You know the compressor is always leaking air as when you shut it down with a full charge of air in the tank, after a short while you can see that the tank pressure gauge display is showing that the tank pressure is dropping. Soon, if the air compressor is plugged in, the pressure switch will react to the falling tank pressure, and start the compressor.
That’s a waste of energy and money, for sure.
The first thing to do is to determine where the leak on the air compressor is. Here are some tips on that.
No obvious leaks
If you can’t hear the leak, or feel it with your fingers, you can soap the connections on the air compressor.
First pull the air hose from the coupler on the compressor.
Use a tablespoon of liquid dish soap to a cup of luke-warm water. Brush this solution onto all the connections on the compressor, including into the end of the coupler.
If there is an air leak, bubbles will form where compressed air is escaping.
If you find a leak this way, tighten the fitting, and test again. Make sure there are no more leaks on the connections on the air compressor.
Check external unloader valve for leaks
If your air compressor has a pressure switch with an external unloader valve, make sure you soap it thoroughly as well.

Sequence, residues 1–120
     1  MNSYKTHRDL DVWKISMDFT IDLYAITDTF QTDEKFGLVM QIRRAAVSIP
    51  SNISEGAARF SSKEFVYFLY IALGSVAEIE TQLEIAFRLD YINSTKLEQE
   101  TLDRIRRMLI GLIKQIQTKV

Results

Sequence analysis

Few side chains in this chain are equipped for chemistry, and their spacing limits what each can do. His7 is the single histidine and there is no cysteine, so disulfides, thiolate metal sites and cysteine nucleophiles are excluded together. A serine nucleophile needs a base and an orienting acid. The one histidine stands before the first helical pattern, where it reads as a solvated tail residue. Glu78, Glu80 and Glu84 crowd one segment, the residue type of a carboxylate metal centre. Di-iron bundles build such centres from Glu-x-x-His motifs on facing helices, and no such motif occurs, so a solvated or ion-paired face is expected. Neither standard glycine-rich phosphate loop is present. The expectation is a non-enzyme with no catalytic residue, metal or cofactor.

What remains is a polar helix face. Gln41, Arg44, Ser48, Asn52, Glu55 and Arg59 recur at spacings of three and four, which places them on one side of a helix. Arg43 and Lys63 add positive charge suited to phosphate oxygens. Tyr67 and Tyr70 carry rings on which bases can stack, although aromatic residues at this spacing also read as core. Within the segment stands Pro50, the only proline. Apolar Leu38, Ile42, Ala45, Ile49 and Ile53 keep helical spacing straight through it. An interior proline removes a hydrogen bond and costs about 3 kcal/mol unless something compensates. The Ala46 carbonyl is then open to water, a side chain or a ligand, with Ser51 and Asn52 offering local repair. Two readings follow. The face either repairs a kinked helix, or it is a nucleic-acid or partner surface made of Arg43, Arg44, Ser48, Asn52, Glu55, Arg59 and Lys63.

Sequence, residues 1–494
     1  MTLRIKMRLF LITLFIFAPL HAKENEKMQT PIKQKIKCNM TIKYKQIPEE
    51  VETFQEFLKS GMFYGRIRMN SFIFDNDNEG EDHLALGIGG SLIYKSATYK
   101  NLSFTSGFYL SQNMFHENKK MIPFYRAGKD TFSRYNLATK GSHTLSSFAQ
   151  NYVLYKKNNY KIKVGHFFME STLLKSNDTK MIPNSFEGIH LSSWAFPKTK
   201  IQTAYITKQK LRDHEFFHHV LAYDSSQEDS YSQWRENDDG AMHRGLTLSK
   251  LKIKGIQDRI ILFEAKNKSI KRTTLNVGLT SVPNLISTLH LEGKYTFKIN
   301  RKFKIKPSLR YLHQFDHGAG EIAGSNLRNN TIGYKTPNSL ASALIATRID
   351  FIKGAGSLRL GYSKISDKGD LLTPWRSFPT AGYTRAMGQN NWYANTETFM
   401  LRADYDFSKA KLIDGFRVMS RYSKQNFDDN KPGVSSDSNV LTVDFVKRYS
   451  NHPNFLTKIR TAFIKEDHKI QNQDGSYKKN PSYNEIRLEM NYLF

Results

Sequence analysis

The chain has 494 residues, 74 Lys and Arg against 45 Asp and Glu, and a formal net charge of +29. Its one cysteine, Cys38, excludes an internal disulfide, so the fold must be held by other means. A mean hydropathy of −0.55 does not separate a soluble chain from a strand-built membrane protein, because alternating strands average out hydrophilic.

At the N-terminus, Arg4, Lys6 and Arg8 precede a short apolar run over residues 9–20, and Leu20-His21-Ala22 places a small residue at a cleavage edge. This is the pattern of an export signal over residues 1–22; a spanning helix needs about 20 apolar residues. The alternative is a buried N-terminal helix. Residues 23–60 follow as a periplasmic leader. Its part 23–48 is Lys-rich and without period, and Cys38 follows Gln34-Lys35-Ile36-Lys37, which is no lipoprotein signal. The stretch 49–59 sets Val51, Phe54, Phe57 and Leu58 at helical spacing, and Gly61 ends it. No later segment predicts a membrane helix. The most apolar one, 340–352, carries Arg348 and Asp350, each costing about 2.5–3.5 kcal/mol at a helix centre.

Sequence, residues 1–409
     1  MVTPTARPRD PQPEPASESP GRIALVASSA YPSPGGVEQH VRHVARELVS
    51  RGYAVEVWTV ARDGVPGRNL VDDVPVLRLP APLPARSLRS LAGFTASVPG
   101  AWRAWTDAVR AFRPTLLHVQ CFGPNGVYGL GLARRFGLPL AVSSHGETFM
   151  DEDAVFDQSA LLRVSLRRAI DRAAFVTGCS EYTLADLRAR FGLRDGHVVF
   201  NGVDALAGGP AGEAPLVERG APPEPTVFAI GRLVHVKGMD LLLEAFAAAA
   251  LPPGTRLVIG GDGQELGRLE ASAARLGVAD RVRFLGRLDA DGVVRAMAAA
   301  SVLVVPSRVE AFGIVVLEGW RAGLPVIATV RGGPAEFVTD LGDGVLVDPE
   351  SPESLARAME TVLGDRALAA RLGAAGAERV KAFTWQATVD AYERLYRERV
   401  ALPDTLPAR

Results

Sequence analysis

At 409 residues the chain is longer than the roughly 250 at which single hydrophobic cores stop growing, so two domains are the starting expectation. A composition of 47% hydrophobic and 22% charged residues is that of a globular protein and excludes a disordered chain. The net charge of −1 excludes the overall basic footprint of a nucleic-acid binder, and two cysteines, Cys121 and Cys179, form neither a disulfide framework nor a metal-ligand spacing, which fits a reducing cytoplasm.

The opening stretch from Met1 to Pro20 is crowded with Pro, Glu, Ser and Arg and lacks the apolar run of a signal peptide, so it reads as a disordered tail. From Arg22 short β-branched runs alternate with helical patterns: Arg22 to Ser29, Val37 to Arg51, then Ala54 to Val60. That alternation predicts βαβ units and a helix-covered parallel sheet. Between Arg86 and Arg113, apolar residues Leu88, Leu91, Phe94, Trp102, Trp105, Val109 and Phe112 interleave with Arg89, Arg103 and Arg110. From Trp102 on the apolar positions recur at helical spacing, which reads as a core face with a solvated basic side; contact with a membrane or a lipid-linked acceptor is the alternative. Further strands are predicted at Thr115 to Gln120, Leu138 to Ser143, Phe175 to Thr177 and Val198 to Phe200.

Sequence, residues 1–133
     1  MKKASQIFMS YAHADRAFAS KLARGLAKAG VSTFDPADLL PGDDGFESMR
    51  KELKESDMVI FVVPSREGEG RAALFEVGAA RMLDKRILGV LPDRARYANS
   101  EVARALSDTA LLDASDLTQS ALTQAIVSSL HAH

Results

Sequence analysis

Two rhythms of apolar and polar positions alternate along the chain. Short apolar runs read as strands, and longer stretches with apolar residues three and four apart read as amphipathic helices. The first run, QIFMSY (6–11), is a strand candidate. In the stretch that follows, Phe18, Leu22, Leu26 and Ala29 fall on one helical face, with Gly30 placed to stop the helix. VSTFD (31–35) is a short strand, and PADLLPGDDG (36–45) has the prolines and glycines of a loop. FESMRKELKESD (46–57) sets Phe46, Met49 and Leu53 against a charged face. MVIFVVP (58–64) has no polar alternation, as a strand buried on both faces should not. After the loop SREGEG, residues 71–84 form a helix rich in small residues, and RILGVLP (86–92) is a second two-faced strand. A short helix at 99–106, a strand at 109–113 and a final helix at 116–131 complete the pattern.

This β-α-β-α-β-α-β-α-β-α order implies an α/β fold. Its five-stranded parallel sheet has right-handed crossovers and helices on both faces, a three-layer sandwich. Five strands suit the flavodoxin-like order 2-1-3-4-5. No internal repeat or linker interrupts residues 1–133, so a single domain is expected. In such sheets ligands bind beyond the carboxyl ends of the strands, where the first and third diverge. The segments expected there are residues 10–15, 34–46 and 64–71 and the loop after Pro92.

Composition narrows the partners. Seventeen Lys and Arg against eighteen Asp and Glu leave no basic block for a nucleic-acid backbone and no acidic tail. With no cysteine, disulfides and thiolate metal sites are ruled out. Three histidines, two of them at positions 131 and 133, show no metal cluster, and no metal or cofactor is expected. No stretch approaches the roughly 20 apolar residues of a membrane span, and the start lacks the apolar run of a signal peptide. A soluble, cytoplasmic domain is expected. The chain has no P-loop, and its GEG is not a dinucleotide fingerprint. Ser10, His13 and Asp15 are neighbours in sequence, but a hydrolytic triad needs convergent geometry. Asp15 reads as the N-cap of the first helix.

If you find that your compressor pressure switch unloader valve is leaking air continuously, then you have located at least one of the leaks on your air compressor.
A pressure switch unloader valve that leaks continuously after the compressor has stopped indicates that the tank check valve has not closed completely, and compressed air is no longer trapped in the tank.
You will need to dump all the air in the tank, and with the compressor unplugged, disconnect the air line from the pump, remove the tank check valve, inspect it, clean it, or replace it, depending on its condition.
More information on tank check valves is available on this site. See the link Tank Check Valve under the Compressor Information list in the right column.
Does compressor only leak air with a hose plugged in?
If the compressor is only dropping when there is an air line plugged into the coupler, then the leak will be found downstream from the compressor coupler.
To confirm this, unplug the air line. If the air leak stops, the hose has a hole, or a connection downstream of the compressor coupler is the problem.
Still have a compressor air leak?
If you still cannot find the compressed air leak, add a comment below and we’ll see if we can help.